- Opinion |
- 20 March 2017
One huge way that the world is getting better (and you probably don’t know it)
The world has become far, far better in a way that should be much better known. Don’t leave your thinking stuck in the past, writes David Walker.
Most of us seem to believe that life on this planet is going to the dogs. Last year a survey by UK polling group YouGov found only 10% of people in 17 nations reckon the world is getting better. Most think it’s getting worse.
One of the biggest drivers of this view appears to be global poverty. These days it’s almost a truism that while the rich are getting richer, the poor are getting poorer.
So here’s the good news: the conventional wisdom is exactly wrong. On a global scale, the poor are getting richer – and doing so remarkably quickly.
You might think this is a controversial statement, but for most of the people who look at global economic development, it’s simply recognised fact. A World Bank study released in October 2016 found that in 2013, fewer than 800 million people lived in “extreme poverty” (defined by the Bank as income of less than US$1.90 a day).
Does 800 million sound awful? Yes, it is. But it’s a massive turnaround from 1990, when about 35% of all people on the planet lived in such desperate poverty. In less than a quarter-century, 1.1 billion people rose out of extreme poverty. The improvements kept happening pretty steadily, regardless of events like the ‘global’ financial crisis, which in truth was really a problem of rich countries.
On top of this, the average condition of the few billion global poor above that absolute poverty line continues to improve rapidly. One result: inequality between people in the world has been going down since 1990.
Still not convinced about this transformation? Look up the amazing video presentations of Swedish health and development statistician Hans Rosling, or visit gapminder.org, the data presentation site that he founded. His numbers echo the World Bank: global poverty is falling.
Yet whenever Rosling polled people’s views on the state of the world, he found the same pessimism as that UK poll. The rich nations’ collective view of their poorer counterparts seems to be about 40 years out of date. One amusing YouTube video shows Rosling berating a Danish interviewer who seems unable to believe the numbers.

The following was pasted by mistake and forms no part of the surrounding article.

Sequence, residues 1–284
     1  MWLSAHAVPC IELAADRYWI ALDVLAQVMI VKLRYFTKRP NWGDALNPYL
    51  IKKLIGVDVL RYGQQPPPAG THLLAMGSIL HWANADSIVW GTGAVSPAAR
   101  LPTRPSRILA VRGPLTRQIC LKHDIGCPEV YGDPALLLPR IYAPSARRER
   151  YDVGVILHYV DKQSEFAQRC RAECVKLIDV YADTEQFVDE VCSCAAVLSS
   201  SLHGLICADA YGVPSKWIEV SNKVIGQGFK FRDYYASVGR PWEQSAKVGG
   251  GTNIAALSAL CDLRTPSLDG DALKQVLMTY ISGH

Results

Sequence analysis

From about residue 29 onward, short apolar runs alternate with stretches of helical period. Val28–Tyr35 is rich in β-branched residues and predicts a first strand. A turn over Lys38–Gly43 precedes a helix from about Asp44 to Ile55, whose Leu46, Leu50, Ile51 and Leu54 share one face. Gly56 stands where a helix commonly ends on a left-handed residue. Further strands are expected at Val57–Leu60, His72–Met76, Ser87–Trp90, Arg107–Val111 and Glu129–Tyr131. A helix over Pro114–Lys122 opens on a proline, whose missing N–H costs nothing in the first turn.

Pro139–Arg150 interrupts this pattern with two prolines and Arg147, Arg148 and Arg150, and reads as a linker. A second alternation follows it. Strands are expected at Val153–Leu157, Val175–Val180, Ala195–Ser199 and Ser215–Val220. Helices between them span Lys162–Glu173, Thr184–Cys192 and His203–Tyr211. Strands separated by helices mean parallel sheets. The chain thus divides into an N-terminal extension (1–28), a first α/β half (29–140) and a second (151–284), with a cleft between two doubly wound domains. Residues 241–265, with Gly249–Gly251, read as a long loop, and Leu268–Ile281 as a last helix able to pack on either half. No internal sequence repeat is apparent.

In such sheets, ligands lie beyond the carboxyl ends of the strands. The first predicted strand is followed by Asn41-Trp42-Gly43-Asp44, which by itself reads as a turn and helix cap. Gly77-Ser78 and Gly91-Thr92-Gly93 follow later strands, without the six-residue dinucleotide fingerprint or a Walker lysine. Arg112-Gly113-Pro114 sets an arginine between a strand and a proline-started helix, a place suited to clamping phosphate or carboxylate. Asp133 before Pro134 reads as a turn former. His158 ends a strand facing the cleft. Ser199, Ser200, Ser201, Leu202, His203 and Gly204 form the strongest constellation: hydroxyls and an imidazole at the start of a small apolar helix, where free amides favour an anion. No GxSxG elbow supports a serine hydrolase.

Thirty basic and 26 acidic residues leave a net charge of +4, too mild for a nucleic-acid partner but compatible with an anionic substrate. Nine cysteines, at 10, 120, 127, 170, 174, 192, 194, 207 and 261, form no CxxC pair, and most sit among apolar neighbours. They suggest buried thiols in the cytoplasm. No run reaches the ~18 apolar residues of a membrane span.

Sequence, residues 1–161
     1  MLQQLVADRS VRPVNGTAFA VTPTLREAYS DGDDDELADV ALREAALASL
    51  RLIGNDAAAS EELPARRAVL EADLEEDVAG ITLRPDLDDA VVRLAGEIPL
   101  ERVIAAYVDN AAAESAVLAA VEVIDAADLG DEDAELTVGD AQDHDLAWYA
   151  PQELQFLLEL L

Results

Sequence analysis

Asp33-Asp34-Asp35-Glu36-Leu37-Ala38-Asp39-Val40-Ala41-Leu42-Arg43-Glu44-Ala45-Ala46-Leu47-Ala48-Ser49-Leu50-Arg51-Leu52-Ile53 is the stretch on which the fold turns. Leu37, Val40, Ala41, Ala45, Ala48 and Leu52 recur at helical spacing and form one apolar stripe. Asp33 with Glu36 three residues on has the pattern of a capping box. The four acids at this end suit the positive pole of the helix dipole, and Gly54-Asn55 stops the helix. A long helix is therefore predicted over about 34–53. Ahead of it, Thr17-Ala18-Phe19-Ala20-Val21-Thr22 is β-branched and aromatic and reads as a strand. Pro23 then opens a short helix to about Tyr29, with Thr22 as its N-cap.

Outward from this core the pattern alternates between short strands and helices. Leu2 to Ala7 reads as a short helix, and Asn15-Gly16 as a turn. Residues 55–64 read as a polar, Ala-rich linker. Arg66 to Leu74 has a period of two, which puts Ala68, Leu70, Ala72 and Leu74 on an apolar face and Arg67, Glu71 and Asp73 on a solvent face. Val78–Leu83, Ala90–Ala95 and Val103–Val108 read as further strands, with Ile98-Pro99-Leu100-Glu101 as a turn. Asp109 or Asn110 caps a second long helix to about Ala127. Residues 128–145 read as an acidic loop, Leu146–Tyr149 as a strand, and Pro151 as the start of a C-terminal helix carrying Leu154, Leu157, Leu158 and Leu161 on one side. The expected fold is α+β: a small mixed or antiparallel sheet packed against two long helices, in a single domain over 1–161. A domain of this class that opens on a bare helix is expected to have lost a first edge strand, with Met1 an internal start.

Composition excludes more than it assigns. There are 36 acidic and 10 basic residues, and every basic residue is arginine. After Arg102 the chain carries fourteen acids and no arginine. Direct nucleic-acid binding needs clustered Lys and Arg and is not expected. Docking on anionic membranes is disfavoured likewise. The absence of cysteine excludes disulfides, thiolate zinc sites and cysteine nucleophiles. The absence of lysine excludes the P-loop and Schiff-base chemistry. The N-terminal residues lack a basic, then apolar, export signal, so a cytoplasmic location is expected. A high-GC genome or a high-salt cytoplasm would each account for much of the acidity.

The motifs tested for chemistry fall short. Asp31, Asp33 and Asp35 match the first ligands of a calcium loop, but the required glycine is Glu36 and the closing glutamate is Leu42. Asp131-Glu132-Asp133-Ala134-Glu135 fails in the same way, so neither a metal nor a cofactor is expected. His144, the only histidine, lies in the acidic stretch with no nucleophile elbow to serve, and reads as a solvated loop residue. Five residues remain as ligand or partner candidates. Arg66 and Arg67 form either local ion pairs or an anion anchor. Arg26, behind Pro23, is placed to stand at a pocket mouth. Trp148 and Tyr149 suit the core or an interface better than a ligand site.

As Rosling, the World Bank and many other development specialists have all confirmed, the huge turnaround in absolute poverty since 1990 is largely down to massive progress in China and India. Much of it is better governance. Chinese incomes, in particular, began to rise after China’s government released its grip on the nation’s economy and signed their country up to the world trading system in the early 1990s. (Unsurprisingly, that YouGov poll found the Chinese easily the most optimistic.) But other nations, from Indonesia to Peru, also did better. The worst remaining poverty is now centred in sub-Saharan Africa.
Many factors helped the poorer nations make so much progress. Democracy took hold in many places. Basic medical care arrived in tiny villages. Rich-world aid really did help. So did new plant strains, piped water, and such simple development measures as wider use of soap. Then there’s education: with more schools, global literacy has now reached 80%, far higher than most people guess – crucially, far more women can read and write than ever before. And as incomes rose, people had fewer children, making it easier to take further steps on the development ladder.
Rosling died last month, but he left eloquent testimony to our global progress – and to our inability to understand our achievement.
We are supposed to live in a postmodern age. Yet the epic story of falling global poverty is a story of successful modernisation. It took a long time to work, but it has worked. We despair of widespread global poverty, yet we may be approaching its end.